Please tell us about your final pieces for the summer show:
There is a number of works from the series of inter-African migration and hopefully albinism series. One of the works has a jute sack to reference commerce within Africa. Africans know that they trade within Africa, but what a lot of them don’t know is that they have refugee camps hosting other Africans in their own country. So for me it was to highlight, oh look we can talk about trade and we can talk about agriculture, but do you actually know you have refugees in your country? I had no idea we had refugee camps. Usually when I go to Ghana, I sit in the taxi and I talk to people and it is so clear that the majority of people have no idea about human movement within their own country.
One of my pieces, there is acetone transfers on linen. My work takes different forms, most of the time it’s paints, but it has some sort of ink movement from one place to another – like the passports and also my personal relationship – as in me moving to another country and me losing some sort of identity or culture, because I’m not the same person as I was in Ghana. In Britain I am very much Ghanaian and in Ghana I am very much British, I am always straddling between these two identities and so I use transfers a lot to represent that sort of loss. When I transfer something on to another piece the ink is no longer there, some of the information is lost, playing around with those kind of ideas. There will be transfers, linen, sculpture.
How have your tutors or technicians added/assisted or influenced you in your final show?
I wouldn’t be able to do anything without my tutors or my technicians and that’s not to put myself down or say I can’t do it, its just every time I go to the studio or I go to the workshop something really exciting happens, that idea of learning every time and talking. We all make different types of work, there is nobody in the studio that I make work like or that makes work like me so we are able to bounce fresh new ideas each and every time. The technicians are so supportive and the tutors are amazing. Nelson is my tutor, but every tutor I have gives me so much advice.
Do you have any advice for future students?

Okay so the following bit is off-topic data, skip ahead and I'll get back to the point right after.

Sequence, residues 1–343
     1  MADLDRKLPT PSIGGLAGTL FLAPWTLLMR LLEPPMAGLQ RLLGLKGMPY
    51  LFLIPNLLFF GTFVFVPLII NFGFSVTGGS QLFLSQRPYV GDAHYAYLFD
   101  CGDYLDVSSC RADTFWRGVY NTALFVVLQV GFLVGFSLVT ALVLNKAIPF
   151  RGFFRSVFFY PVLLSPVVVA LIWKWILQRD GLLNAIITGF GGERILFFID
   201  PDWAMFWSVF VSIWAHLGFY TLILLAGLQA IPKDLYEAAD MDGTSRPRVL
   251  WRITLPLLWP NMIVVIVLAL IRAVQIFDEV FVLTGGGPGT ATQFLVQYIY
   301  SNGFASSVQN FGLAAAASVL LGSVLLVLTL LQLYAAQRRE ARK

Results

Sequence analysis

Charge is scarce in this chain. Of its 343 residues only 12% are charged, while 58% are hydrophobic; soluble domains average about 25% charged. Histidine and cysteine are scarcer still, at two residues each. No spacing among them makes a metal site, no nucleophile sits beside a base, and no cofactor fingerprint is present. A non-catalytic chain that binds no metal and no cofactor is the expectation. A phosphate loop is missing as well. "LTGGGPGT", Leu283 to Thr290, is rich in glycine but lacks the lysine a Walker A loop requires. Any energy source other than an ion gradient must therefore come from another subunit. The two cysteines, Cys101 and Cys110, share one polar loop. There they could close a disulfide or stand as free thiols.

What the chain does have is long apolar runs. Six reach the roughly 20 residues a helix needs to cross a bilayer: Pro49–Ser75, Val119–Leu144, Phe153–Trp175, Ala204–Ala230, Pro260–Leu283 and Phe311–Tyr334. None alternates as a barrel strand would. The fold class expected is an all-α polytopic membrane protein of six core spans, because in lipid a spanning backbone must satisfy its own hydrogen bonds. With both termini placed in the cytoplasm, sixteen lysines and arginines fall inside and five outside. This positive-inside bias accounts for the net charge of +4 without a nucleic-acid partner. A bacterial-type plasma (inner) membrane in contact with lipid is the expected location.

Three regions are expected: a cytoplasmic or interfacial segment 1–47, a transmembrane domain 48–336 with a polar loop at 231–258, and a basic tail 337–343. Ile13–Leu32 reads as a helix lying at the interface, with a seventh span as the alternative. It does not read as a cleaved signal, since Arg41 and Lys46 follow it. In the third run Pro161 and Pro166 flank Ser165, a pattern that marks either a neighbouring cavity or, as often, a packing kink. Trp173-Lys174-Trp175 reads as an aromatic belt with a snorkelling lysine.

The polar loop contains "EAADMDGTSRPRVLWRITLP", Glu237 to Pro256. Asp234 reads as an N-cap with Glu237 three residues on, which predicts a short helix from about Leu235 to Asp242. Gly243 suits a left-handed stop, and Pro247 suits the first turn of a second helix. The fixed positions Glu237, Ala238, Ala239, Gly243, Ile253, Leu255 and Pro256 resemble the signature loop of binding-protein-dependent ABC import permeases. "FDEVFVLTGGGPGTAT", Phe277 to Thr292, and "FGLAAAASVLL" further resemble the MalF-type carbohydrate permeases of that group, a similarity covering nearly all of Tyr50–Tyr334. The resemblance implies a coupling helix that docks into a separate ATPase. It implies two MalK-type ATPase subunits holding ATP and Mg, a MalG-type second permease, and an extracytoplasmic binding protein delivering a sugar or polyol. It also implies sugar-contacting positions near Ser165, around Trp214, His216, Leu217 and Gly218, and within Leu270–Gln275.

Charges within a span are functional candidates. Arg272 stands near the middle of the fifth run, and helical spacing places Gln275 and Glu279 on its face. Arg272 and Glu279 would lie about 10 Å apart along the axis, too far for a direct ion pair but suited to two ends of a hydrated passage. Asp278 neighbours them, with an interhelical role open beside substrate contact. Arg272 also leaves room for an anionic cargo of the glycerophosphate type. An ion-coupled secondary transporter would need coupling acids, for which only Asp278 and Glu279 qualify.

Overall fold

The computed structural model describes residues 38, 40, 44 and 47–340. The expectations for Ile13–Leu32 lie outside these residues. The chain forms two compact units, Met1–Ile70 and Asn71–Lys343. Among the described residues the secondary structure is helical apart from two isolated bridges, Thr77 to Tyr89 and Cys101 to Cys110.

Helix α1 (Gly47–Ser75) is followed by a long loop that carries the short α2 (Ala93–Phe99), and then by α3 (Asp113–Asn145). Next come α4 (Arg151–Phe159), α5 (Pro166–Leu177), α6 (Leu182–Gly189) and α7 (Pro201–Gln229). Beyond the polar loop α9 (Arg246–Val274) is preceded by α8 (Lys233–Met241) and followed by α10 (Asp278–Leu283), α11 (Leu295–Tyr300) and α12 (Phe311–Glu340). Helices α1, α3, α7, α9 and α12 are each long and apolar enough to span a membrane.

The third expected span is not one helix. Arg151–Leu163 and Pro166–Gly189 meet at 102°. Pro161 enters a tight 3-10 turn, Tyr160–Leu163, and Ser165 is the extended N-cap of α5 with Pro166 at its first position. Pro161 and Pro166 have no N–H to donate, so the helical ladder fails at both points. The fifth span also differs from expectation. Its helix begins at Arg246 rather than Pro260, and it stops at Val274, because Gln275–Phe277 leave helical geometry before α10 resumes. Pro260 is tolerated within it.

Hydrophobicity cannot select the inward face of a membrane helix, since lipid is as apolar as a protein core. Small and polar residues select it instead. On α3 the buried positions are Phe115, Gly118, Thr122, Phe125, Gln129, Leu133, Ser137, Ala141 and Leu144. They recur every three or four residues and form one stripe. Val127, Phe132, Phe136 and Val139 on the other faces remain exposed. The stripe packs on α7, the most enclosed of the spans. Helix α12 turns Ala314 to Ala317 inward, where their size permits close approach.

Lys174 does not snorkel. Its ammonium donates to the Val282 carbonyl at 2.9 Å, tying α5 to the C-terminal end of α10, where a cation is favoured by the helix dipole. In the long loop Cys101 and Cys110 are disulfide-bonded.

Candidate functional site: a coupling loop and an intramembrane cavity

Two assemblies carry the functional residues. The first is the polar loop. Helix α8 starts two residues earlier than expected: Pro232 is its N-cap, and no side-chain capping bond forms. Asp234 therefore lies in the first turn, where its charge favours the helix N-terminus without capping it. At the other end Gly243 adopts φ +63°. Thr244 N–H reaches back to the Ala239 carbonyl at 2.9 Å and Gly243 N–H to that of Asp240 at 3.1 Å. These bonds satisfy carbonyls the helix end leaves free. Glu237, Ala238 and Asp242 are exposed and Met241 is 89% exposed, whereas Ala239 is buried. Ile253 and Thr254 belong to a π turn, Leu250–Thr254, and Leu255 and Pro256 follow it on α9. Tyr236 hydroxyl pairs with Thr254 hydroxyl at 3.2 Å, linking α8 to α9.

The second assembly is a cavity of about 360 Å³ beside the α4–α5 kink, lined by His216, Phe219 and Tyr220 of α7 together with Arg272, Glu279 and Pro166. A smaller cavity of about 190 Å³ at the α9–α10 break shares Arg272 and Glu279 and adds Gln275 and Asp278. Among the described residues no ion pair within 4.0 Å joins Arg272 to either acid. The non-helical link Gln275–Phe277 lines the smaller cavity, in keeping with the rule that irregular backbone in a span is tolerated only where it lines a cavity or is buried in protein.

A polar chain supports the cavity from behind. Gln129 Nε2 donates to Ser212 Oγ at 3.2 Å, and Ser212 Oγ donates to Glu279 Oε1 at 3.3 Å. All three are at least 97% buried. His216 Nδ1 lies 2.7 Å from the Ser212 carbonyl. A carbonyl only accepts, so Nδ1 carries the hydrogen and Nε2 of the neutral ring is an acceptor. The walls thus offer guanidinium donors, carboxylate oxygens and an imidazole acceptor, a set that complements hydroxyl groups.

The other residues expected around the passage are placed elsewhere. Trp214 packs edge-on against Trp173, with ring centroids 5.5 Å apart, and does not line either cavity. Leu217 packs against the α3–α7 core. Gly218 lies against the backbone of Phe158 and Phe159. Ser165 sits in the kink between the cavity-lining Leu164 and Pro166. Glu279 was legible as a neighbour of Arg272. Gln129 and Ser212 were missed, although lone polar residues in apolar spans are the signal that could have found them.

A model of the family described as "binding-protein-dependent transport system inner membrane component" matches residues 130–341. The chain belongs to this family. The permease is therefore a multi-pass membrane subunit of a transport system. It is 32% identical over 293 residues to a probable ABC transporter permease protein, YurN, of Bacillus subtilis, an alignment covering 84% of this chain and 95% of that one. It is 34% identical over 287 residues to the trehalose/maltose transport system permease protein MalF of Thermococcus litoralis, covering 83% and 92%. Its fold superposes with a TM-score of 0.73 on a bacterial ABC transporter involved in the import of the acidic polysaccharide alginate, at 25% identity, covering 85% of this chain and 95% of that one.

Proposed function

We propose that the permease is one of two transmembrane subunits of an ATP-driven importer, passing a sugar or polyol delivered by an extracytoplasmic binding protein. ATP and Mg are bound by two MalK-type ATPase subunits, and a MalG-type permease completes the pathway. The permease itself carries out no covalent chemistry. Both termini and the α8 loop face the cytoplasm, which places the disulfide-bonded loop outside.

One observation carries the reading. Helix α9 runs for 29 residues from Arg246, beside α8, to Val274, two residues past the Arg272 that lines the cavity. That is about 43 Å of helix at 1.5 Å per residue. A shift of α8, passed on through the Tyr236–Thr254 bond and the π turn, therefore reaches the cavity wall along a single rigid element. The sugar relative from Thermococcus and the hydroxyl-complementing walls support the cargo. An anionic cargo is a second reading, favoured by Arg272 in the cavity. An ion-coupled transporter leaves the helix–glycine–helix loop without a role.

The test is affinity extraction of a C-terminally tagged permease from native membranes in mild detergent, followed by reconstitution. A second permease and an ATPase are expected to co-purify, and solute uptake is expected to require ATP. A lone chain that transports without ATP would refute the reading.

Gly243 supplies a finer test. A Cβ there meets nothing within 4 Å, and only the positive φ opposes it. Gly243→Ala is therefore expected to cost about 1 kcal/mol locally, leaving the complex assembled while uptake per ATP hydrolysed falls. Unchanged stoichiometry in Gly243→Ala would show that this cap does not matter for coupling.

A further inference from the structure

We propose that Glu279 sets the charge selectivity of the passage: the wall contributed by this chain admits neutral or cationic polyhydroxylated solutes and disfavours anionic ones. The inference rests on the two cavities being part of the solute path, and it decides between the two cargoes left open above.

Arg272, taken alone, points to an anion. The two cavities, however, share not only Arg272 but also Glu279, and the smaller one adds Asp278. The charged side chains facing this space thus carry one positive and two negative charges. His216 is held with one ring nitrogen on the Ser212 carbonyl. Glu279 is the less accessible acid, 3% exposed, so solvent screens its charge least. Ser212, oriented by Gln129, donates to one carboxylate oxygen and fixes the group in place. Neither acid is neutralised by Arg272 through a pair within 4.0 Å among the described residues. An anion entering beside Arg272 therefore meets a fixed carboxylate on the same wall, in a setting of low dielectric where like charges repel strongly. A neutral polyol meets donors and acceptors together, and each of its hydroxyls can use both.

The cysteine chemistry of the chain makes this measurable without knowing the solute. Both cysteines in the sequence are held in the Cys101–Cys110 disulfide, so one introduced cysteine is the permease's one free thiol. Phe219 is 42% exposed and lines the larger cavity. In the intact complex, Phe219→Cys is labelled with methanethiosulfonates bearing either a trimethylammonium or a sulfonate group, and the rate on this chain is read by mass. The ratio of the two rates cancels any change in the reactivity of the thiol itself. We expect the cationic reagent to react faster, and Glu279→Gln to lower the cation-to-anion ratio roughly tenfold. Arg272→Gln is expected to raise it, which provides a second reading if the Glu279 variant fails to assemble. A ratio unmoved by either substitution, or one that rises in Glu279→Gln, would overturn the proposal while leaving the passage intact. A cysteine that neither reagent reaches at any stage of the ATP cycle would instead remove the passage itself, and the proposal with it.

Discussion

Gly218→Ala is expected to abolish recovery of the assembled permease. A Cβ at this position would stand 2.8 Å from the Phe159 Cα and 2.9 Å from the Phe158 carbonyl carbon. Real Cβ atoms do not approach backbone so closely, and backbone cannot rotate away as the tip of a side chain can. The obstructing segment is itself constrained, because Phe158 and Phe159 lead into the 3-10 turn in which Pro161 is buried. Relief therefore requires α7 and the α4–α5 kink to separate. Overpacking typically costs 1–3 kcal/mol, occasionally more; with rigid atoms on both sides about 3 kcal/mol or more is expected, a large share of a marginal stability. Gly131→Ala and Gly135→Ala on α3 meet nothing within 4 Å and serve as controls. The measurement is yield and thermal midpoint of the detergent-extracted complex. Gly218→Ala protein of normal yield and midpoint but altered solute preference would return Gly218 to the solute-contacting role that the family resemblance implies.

Don’t stop working, everybody has a purpose and the way of achieving that purpose is different. You might think you make a painting and galleries come to you and that’s the way of being successful, but that’s not the way of being successful! Art doesn’t have to just exist in galleries, it can exist anywhere. If there is not a space for you then create it, if there is not a community, create it. Don’t just sit down and wait for opportunities to come, take every opportunity, because there are millions of artists out there, don’t stop creating lots of opportunities for yourself.
Is there a favourite project or piece of work that you completed while at Wimbledon?
It has to be my third year because third year is when I’ve gathered everything I’ve learnt from my first and second years, in terms of my professional development, as in going out and finding opportunities for myself and then pushing my work. I get excited with every piece and I try not to finish so the conversation is still being had in my head. I don’t think a painting is really finished, if it is finished then that means the conversation has ended and that’s quite sad.
What are you plans after you leave Wimbledon?
I definitely don’t want to stop learning about my history, about painting, about the medium itself ,and all the other things that are around painting. My plan is to get a studio. I will be working in the student union as an activities officer, and my plan is to find a studio and carry on working. Throughout my time at UAL, I have run societies, I ran an African Caribbean society in my second year and I was a black students officer for UAL, also in my second year. It was really great to get to know more people across the university. Also to stay in contact with my tutors, they think this is the last tutorial, but that’s not the case! I’m going to be bombarding them with emails and pictures.
Do you have an artist influence?
I have many artist influence from music, painting, film. To name a few, Fela Kuti who is a Nigerian musician, Ibrahim Mahama who is a Ghanian artist, Christian Boltanski, Robert Rauschenberg.
And finally, you were shortlisted for the Ashurst Emerging Artist Prize 2018 – please tell us about this:
Someone in the studio told me about it and so I applied for it. Ashurst is a law firm and the Emerging Artist Prize is organised by a guy called Conrad, you submit your work for it online. I think this year they had over 4,000 works submitted and they shortlisted 25 to show in the law firm, the work in the show will be there until the end of June. The work I submitted is ‘Kwantunyi’ (see image above), it has a chequered bag, it is usually a bag you would see homeless people use. It relates to the 1950s when Ghanaians were kicked out of Nigeria and then Nigeria did the same thing in the late 80s, so it is just going back again to inter-African migration. It’s packing the point that in Africa we do deport people, we also have disputes among each other, that’s not to say our boarders are not safe, it’s just to say that Africa is a continent, not a country and so we have certain things like this happen. It makes reference to 1960 and 1989 Alien Compliance order. There’s also a jute sack in that painting and there’s a man on the right side, I got his travel documents from the archives so in that piece I am talking about trade, commerce and human movement within three countries: Nigeria, Ghana and the Ivory Coast. There is also another Wimbledon artist shortlisted for the Ashurst Emerging Artist Prize, her name is Ming Ying.
Follow Annie-Marie’s work on her Instagram